From Bethlehem to Baku: Bandali Jawzi and the Origins of Postmodernism

In Interpreting Islam: Bandali Jawzi’s Islamic Intellectual History, Tamara Sonn brings new attention to a figure who has been mostly forgotten in Western historiography, at least until recently. The details of Bandali Jawzi’s life remain murky, but its trajectory offers a remarkable vantage point on the political and cultural convulsions that roiled the early twentieth century. With little more evidence than an unpublished dissertation from an Azerbaijani university and a footnote in a 1973 text, Sonn had to piece together the writer’s origins. One scholar had heard that Jawzi was a born a Tatar in the Russian city of Kazan. Another source indicated that Jawzi was an Arab Christian from Palestine; indeed, it turned out that he was born in Bethlehem in 1872.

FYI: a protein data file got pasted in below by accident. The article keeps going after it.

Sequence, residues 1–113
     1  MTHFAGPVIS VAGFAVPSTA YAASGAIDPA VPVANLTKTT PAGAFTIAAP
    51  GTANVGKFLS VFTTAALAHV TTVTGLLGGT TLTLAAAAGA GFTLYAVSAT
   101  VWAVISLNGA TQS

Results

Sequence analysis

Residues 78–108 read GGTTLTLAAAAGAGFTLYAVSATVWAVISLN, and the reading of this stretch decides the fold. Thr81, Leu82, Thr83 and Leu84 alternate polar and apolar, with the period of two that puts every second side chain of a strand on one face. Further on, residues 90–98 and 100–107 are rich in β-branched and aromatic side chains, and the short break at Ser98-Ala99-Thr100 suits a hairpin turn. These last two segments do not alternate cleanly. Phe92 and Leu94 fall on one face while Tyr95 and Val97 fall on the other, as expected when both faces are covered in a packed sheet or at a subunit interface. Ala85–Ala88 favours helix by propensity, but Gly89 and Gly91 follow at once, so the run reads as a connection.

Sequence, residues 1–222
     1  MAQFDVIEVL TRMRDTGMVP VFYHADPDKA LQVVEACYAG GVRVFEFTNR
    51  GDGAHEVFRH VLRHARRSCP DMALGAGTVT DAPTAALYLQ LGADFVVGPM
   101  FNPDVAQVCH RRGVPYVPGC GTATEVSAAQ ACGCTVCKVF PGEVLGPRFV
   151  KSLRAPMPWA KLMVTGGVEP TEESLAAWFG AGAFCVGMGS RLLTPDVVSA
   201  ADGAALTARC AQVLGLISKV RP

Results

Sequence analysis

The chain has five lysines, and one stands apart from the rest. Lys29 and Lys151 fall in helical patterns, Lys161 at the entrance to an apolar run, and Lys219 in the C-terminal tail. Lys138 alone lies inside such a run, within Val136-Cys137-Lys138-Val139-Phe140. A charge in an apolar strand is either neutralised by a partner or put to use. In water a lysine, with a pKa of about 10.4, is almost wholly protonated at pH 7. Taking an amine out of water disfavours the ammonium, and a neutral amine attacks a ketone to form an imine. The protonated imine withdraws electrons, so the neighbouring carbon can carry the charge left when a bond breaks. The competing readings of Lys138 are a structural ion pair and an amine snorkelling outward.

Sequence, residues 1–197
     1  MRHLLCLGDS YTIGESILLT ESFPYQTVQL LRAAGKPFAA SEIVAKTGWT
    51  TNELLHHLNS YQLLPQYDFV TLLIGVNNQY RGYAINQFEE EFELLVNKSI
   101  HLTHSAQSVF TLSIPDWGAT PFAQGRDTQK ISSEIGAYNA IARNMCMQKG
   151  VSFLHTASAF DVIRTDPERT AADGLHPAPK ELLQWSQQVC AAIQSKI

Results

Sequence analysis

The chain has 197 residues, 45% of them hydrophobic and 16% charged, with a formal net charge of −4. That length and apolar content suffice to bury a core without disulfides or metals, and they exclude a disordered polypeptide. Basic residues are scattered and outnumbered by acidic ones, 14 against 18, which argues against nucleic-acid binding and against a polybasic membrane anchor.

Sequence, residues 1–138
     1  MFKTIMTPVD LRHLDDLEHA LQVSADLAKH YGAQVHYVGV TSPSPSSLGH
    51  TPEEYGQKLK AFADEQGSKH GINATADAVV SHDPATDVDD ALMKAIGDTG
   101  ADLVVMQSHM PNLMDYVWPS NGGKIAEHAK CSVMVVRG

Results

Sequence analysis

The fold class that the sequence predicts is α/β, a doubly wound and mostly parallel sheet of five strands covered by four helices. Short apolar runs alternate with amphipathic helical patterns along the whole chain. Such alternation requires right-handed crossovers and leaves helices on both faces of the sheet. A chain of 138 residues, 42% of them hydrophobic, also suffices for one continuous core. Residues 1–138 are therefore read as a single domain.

Over the course of a career that took him a monastery in Tripoli to the University of Baku, Bandali Jawzi led the way in rethinking the intellectual history of Islam in the early twentieth century. Many Arabic reformers hoped that Western-style liberalism would help free them from imperial domination and economic stagnation, yet betrayal of their aspirations for independence by France and the United Kingdom after World War I dimmed the possibility of reform along the lines of liberal democracy. With the Russian Revolution unfolding in the late teens and twenties, Marxism began to look like an attractive alternative for political change in the Arab world. Although the militant atheism of most Communist parties gave many Muslims pause, Muhammad and Marx could cohabitate if political circumstances favored an alliance; as Sonn points out, Muslims in Azerbaijan made common cause with the Bolsheviks in order to throw off the cruel oppression of the Czarist empire, but the partnership quickly fell apart when the victorious Communists determined that class unity (i.e. Russian hegemony) was far more important than Azerbaijanis’ aspiration for self-determination.